How to Protect Your Credit or Debit Card and Account Number

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Protect Your Credit or Debit Card and Account Number
Protect Your Credit or Debit Card and Account Number

How to Protect Your Credit or Debit Card and Account Number. To protect your account numbers, be cautious about sharing them, whether purposely or inadvertently. Know where your cards are at all times, and be suspicious of anyone who requests your number over the phone.

Things You'll Need

  • Credit Cards
  • Paper Shredders
  • Personal Organizers

Sign the back of a new credit card immediately upon receiving it.

Do not give your account number over the phone unless you initiated the call.

Memorize your personal identification number (PIN) if possible. If you have to write it down, don't write it on the card itself or leave it in your purse or wallet.

Never leave your cards unattended. Be especially careful at gyms, at work and while shopping. Also, don't put your credit cards in your car's glove compartment. An alarmingly high proportion of all credit-card thefts are from car glove compartments.

Use your card only for yourself. Do not lend the card to relatives or friends.

Always check your card when you get it back in a store or restaurant. It's easy for you to forget your card when you're in a hurry, and it's easy for waiters or salespeople to give you the wrong card when they're in a hurry.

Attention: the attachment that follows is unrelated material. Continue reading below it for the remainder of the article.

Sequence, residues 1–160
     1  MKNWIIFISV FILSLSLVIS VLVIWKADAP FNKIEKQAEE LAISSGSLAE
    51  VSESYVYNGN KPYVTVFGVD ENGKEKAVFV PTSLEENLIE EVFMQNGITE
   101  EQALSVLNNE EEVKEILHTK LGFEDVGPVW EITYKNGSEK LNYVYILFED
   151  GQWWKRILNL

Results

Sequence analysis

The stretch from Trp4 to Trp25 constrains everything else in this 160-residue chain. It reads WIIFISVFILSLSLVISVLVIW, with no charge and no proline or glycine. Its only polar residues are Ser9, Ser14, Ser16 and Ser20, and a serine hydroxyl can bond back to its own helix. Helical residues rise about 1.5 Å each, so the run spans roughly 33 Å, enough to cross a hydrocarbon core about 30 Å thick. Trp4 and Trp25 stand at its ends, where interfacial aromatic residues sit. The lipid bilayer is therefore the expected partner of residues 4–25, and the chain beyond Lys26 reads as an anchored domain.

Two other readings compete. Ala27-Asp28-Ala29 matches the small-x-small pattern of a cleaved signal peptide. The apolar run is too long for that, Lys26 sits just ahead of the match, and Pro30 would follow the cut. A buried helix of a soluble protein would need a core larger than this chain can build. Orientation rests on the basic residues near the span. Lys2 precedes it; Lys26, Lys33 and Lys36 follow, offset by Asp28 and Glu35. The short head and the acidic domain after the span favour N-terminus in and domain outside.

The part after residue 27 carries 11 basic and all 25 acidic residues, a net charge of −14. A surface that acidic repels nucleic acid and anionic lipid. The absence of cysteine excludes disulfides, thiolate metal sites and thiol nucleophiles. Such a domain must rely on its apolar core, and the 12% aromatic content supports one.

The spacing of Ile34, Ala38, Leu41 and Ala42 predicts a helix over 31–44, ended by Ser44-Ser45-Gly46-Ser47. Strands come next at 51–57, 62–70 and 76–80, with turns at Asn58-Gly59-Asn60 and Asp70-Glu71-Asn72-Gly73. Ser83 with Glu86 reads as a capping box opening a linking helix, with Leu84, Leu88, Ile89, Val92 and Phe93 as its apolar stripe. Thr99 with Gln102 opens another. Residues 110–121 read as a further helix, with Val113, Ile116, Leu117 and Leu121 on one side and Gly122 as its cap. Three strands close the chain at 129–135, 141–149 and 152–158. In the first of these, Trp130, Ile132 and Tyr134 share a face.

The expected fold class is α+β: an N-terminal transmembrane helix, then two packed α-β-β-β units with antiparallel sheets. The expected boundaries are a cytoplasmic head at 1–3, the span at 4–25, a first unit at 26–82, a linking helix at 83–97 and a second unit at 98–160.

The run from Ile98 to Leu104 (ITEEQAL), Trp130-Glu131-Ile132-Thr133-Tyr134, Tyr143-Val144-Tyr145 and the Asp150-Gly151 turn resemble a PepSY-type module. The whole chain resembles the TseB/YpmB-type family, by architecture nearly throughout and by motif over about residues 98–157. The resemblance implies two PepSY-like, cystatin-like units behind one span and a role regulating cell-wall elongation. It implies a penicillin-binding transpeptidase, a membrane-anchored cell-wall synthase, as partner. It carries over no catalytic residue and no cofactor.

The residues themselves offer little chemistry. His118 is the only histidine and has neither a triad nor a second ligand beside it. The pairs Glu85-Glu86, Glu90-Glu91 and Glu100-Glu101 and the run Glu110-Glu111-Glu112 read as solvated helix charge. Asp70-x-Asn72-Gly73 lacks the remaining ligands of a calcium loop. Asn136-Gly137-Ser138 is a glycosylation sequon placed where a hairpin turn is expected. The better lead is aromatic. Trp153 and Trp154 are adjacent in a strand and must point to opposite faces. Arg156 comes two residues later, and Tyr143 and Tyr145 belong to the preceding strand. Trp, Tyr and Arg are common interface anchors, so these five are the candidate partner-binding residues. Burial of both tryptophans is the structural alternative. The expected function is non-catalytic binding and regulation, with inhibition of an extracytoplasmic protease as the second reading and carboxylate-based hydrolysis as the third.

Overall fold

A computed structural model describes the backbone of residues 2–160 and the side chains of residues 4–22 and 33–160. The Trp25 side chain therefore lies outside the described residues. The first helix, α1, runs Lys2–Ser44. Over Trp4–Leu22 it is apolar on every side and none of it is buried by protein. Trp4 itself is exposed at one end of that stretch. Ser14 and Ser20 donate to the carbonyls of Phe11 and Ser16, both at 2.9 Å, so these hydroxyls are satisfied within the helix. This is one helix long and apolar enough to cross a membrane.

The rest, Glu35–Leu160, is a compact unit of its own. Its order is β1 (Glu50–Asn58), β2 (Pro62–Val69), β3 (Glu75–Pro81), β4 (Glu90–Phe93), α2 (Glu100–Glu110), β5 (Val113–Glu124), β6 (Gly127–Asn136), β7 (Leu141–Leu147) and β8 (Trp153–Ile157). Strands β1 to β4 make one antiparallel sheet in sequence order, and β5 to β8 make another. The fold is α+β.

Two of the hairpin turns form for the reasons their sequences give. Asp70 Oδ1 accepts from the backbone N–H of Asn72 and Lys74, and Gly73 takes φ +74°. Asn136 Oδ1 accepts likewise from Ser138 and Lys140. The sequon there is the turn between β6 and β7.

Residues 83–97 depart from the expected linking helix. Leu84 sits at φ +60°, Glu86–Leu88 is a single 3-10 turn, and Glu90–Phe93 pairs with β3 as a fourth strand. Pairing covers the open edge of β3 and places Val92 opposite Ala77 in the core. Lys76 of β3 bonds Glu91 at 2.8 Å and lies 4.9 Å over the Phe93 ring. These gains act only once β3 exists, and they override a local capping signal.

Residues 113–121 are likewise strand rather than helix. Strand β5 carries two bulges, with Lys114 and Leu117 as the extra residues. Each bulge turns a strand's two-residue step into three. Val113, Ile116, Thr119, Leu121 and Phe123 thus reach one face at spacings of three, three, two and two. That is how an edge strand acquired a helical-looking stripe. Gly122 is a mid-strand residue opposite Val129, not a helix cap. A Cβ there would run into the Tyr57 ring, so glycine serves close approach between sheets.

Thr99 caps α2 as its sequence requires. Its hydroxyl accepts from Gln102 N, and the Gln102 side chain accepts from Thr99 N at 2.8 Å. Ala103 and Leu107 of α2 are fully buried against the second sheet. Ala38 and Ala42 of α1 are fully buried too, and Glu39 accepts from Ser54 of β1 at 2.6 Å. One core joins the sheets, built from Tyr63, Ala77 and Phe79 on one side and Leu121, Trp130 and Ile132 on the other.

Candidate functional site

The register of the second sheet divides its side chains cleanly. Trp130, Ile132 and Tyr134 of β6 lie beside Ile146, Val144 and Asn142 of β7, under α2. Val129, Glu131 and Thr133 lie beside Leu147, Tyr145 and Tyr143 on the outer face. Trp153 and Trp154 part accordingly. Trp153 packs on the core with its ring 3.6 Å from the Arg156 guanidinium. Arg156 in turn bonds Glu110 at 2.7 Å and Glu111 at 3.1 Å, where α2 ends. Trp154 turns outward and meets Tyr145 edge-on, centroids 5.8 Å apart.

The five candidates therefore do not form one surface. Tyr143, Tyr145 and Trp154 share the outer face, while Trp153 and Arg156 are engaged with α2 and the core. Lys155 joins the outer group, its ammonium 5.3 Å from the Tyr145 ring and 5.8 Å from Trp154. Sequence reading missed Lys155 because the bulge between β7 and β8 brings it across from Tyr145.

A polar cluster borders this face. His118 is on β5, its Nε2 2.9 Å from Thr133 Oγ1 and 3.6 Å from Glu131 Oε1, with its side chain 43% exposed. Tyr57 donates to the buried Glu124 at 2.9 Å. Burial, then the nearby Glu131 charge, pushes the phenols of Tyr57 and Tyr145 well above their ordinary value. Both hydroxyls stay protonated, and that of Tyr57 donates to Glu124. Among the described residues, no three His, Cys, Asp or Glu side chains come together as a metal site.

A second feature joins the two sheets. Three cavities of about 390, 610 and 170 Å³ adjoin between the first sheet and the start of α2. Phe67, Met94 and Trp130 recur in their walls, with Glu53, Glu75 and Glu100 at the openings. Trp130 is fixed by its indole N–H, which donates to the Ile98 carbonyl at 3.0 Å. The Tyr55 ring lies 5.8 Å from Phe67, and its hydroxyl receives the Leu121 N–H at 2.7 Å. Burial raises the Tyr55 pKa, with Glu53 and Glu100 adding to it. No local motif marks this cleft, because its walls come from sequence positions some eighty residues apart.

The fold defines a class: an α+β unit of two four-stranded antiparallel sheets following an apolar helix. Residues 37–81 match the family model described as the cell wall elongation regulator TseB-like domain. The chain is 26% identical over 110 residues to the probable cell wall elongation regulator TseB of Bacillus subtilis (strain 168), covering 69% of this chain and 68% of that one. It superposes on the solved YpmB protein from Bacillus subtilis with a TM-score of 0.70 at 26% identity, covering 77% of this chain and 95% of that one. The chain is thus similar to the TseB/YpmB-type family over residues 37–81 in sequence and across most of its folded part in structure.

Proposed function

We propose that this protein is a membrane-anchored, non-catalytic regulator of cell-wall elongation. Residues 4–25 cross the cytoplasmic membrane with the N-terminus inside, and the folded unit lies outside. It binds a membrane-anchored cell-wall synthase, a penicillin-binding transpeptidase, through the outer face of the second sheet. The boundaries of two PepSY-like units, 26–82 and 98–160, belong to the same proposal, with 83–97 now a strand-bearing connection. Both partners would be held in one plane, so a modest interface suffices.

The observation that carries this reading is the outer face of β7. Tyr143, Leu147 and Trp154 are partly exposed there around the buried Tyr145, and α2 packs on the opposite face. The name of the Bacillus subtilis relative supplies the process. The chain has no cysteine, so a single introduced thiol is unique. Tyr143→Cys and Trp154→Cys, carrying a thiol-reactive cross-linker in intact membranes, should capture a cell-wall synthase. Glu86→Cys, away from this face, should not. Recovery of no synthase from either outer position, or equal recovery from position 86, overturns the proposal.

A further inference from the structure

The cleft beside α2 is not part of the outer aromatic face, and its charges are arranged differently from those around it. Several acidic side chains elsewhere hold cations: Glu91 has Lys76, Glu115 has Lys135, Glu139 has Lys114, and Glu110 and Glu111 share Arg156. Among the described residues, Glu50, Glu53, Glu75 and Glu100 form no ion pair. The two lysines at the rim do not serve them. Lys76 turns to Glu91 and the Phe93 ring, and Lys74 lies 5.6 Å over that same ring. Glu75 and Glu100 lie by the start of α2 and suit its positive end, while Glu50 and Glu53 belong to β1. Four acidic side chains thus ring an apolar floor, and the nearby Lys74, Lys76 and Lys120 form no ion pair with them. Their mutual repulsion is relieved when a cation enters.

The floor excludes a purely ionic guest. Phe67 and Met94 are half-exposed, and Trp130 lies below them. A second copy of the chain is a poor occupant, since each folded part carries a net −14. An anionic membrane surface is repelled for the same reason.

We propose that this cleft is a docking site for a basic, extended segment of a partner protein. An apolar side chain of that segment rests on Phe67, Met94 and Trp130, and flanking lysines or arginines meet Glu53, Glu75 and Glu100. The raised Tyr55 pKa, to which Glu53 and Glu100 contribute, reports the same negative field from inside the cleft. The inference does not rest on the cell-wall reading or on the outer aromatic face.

Make a comprehensive list of all your cards and their numbers. Include the expiration dates and the phone numbers to call if there is a problem. Keep the list in a safe place (not your wallet or purse).

Always take your charge slips and destroy any carbons.

Check your monthly statement and match all charges to your receipts. If there are any discrepancies, call the credit card company immediately.

Before you throw away any mail or other papers that contain personal information and/or account numbers, shred or tear them up.

Tips & Warnings

  • If you report a stolen card within 48 hours after noticing it is missing, you are liable for only $50 no matter how much the thief spends using your card and your name. Check with your bank regarding liability if you have a debit card.
  • If you suspect someone has used your credit card to open an account in your name, contact one of the major credit bureaus (Equifax, TransUnion or Experian) and have a fraud alert placed in your file. If you do this, any further credit applications will have to be confirmed by you over the phone.

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